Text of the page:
Rightsizing through replacement schools better aligns facility size with student populations. Many of the East Side schools currently in jeopardy have student enrollments consistent with those of an average-sized school on the West Side. It’s just that many of the older school buildings on the East Side were built to serve far more students than are now considered ideal for an elementary school.
Strategically rightsizing “mega schools” on the East Side would preserve viable school communities while substantially addressing the issue of surplus capacity in Vancouver. In addition, no temporary accommodation would be needed during construction, since students would stay in the existing building while the rightsized building is constructed, thus mitigating the need to evict students in order to repurpose existing school space for temporary accommodation.
Addressing seismic risk through the building of a replacement school is also more cost effective. A study conducted in 2011 by Coriolis Corp found that strategically building replacement schools, rather than just seismic mitigation construction on existing schools, would save the government over $200 million over a 40-year life-and-maintenance cycle of a building. This is because many Vancouver school buildings are very old and have exhausted their life span. Consequently, the District has an extremely poor average facilities condition index (FCI) of 0.48; any score over 0.3 is considered poor. At this point, the provincial government faces $708 million in outstanding deferred maintenance costs to restore Vancouver schools to health and safety standards.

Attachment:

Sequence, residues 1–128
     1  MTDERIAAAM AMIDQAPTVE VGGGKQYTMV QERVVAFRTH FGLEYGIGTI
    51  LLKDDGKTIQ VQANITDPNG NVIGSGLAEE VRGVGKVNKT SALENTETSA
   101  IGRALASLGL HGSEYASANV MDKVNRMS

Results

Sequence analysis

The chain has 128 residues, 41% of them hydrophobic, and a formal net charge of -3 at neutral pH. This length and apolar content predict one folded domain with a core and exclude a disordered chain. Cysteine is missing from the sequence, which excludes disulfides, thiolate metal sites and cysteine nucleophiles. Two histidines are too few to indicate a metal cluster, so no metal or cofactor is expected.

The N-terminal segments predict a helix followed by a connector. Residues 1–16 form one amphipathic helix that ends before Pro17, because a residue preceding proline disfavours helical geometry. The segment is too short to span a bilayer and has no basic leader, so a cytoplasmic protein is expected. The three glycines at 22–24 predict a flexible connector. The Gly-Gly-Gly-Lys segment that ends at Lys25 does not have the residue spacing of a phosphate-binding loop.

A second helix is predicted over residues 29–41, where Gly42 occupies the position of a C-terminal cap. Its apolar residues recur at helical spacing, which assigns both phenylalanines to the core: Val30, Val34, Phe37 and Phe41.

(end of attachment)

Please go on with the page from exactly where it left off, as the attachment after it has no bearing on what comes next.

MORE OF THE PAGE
A replacement school can, through the design of its spaces, better serve 21st century learning and the implementation of the new provincial curriculum, including more open and flexible spaces that foster creativity, student collaboration, hands on learning, and team teaching.
In Vancouver, rightsizing is not only fiscally advantageous: it preserves neighbourhood schools for communities, provides essential non-enrolling space for arts programming or flexible resource space, allows space for much needed community programs such as early childhood education, and will remain structurally viable even after a seismic event.